I love to take my work outside when the weather permits, being outside while painting is my favorite.
Do you use a sketchbook or journal? How does that help your work develop?
I have a sketchbook that serves as both – I will sketch, do color swatching, and journal in the same book. I also keep every sketchbook I’ve had since college and reference them often.
I’ve noticed that having a practice of sketching or writing daily helps me stay focused on the projects that are in-process. Even if a few days go by that I’m not actively working on an artwork, thinking about it keeps it fresh in my mind and keeps those creative juices flowing.
How often do you start a new project? Do you work actively on more than one project at a time?
I am always working on multiple things at once. I like to have variety happening in the studio so I have options depending on what feels best that day. The exception to this is when I’m working on a botanical drawing. I can only work on one of those at a time. They take so much time and dedicated focus that only one can be in process. I still may jump between that and a weaving or abstract painting to break things up. Some days I need to paint and that’s all I will do.
Some days, I lay all of the paintings out, pair them up, and start cutting and weaving with a TV show on in the background. Other days, it feels best to spend four uninterrupted hours drawing just a few petals of a detailed flower while listening to a podcast. I like to give myself flexibility to choose what best suits me that day.
If you could have just 5 items in your studio, what would they be and why?
A thick black pen because often pencils leave too much room for perfectionism for me. I love to draw with something permanent so I don’t have a chance to even think about erasing.
Heavy mixed media paper because good paper is the crucial foundation for my work. Scissors to cut and collage when something isn’t working. Gouache and a good brush to round things out as my favorite medium for adding color with the perfect amount of opaqueness.
Do you think that creativity is part of human nature or is it something that must be nurtured and learned?
This question comes up a lot for me working in art education and I truly believe that it is both. I think humans are naturally creative without a doubt, it is so easily seen in young children. I think that as we get older, the pressure from society to specialize in something or to be exceptional in a field grows. Many of us leave art-making or creativity altogether.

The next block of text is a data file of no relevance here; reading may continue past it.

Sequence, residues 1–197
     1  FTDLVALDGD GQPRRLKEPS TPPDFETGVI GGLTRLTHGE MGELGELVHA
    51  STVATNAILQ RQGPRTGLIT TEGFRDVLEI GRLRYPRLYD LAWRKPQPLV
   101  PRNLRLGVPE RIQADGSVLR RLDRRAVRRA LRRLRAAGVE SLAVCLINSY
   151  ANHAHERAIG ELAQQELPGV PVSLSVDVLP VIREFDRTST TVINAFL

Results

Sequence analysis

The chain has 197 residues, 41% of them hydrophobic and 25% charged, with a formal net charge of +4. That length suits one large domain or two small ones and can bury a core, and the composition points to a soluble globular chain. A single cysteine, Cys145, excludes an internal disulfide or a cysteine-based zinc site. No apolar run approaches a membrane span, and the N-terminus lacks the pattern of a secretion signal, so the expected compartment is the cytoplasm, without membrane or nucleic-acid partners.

There are undeniable benefits by making time and space to be creative. Two things here: 1. Creativity can be practiced. Art making is a skill or a muscle that you can practice to get better at. If you feel like you’ve lost it, you can find it. 2. Being creative and having a creative practice are worth doing, even if you never sell anything or post it to Instagram.
I hope that students in my classes find that making art is worth doing for the sake of our brains and bodies, if nothing else. I’ve had people tell me “teaching art must be so fun, what if one of your students becomes famous one day?”. This should not be the central concern. How you measure up to others or whether or not others deem it worthwhile is besides the point.
Tell us about your blog and/or website. What do you hope people will gain by visiting?
My website can be found at www.jessicalynnfoster.com where I have paintings, drawings, and linocut printed cards for sale. From there, you can also sign up for my newsletter which is so infrequent, you may only receive two emails per year from me. It’s an opportunity for me to share when I’m having a sale or upcoming show for those not on Instagram. For the most updated information and to see what I’m up to, follow me @jessica_lynn_foster on IG
Do you lecture or teach workshops? How can students/organizers get in touch with you to schedule an event?
I love teaching workshops, especially when there are kids involved! I’ve been an art teacher for 8 years and sharing art with others is a huge passion of mine. Get in touch with me at [email protected], I would love to connect with you.
Interview posted January 2023
Browse through more inspiring interviews on Create Whimsy.